As mentioned in previous blog posts, at the start of the training, the students met with the stakeholders from the civil society, government and the private sector to determine what are their key data needs. During these meetings, the following themes continuously came up in the conversation: creating a base map, mapping roads and drainage, and conducting a household survey in the Zanzibar City’s Urban West.
Drainage mapping was likely the most complicated task performed during the training. This is because the building materials, shapes, and sizes of drainage lines and accompanied infrastructure often change rapidly as they make their way downstream towards the sea. For example, a concrete, rectangular, closed drainage of 1-meter in width and depth can suddenly transition into an open, informal, 25 cm deep ditch made of dirt.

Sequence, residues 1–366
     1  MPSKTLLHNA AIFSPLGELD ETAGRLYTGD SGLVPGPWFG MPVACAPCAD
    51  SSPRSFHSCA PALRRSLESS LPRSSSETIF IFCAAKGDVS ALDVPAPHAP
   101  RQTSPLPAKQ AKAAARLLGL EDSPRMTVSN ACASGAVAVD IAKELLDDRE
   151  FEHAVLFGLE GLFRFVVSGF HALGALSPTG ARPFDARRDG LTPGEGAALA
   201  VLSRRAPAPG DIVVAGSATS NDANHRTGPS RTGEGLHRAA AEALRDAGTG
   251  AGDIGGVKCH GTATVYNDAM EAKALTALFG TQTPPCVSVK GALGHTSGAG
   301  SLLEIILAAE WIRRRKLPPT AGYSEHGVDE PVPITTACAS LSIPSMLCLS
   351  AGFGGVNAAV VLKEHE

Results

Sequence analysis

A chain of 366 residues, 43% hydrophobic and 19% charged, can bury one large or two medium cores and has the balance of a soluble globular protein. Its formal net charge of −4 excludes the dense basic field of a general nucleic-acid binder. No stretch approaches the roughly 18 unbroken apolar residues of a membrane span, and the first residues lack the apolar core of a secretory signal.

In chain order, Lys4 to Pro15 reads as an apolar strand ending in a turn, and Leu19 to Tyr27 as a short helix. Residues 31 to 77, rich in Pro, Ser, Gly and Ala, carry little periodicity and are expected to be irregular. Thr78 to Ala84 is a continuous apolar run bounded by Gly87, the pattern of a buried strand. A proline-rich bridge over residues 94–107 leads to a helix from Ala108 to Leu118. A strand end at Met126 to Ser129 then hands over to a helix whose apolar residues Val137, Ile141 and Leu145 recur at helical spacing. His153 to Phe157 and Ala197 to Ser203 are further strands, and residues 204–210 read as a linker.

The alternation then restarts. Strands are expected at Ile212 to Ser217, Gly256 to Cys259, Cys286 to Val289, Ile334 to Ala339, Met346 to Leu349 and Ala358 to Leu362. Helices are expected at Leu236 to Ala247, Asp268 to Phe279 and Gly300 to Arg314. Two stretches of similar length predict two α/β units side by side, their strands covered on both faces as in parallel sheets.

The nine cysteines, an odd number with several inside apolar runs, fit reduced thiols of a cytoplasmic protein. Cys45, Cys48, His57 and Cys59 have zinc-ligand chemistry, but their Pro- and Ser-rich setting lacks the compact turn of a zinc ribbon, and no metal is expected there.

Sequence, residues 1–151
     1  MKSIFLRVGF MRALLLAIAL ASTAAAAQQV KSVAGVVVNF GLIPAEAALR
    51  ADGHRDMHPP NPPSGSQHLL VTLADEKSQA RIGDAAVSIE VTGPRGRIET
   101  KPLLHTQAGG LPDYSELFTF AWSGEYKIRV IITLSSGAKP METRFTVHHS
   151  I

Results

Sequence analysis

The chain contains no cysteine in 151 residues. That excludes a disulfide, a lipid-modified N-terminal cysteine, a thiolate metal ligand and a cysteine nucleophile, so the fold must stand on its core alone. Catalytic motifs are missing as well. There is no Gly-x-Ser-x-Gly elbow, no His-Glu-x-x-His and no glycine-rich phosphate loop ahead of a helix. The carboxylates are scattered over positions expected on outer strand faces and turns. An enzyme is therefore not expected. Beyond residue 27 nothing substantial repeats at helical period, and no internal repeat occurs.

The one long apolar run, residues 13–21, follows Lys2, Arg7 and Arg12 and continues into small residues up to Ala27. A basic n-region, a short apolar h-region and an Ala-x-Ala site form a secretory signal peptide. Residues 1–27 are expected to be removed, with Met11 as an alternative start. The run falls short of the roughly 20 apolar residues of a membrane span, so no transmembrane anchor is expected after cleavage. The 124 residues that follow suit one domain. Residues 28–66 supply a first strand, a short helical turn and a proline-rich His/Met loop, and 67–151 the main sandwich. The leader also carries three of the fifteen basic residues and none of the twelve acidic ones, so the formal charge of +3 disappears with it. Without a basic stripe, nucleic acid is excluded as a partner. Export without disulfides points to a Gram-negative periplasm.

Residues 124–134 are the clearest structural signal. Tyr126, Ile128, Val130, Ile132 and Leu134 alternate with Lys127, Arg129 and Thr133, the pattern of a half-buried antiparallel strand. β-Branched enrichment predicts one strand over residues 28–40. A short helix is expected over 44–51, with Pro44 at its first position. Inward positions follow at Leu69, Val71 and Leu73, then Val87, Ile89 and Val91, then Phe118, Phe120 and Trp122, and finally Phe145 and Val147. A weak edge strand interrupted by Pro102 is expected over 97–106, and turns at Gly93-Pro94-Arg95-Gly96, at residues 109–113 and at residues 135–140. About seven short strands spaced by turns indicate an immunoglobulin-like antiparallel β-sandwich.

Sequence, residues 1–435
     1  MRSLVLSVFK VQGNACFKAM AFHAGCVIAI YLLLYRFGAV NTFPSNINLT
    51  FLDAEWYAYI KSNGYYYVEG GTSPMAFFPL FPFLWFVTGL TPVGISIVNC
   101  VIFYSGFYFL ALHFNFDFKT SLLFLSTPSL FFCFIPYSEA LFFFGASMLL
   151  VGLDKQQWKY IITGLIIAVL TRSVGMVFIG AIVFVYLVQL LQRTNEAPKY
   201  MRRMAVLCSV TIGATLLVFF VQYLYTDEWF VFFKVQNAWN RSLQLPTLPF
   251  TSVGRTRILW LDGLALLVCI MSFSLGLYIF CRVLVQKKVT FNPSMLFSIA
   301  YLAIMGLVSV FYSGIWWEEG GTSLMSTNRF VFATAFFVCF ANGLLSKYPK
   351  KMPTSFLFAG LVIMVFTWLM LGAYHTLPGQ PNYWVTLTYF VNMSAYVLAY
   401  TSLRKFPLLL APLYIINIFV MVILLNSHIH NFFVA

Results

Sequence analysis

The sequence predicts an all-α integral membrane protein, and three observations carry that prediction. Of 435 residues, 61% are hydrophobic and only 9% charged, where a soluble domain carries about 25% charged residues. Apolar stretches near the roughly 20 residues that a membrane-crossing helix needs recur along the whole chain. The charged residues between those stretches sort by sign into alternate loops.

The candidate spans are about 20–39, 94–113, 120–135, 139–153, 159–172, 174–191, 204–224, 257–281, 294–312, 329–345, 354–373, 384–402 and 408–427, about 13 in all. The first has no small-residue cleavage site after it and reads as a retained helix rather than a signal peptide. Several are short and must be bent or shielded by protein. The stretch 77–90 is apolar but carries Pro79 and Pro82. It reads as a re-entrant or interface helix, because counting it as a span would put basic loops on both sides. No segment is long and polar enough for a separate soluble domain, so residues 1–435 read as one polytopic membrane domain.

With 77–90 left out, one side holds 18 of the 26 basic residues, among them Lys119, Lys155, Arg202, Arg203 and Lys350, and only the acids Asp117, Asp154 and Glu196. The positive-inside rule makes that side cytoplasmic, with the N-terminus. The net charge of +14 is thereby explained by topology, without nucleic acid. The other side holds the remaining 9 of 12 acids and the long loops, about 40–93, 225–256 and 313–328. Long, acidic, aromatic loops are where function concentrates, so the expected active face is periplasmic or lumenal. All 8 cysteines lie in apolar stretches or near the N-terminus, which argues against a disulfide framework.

To make sure everybody collects the same data, in the same way, we set up precise data collection protocols and spent a lot of time practicing with the students in the field.
We decided to collect the following data and attributes on drainage infrastructure:
- Type of drainage: [ditch, drain, undergroun]
- If underground: [culvert]; Profile: [round, boxed]
- Built from the material: [concrete, steel, asphalt, sand, plants, trees, gravel, dirt]
- If covered, by material: [concrete, grating, metal, wood]
- If blockage: [dirt, concrete, rubish or solid waste, grass or plants[
- Width: [top, bottom]
- Profile: [open rectangular, tabulated, trapezoid, elliptical, trapezoid eliptical]
- Infrastructure: manholes, drainage outlets, and inlets, bridges, etc.
In less than two weeks, the students collected about 35 kilometers of drainage lines and more than 650 drainage related points of interest. A map and the list of some of the data collected can be found below.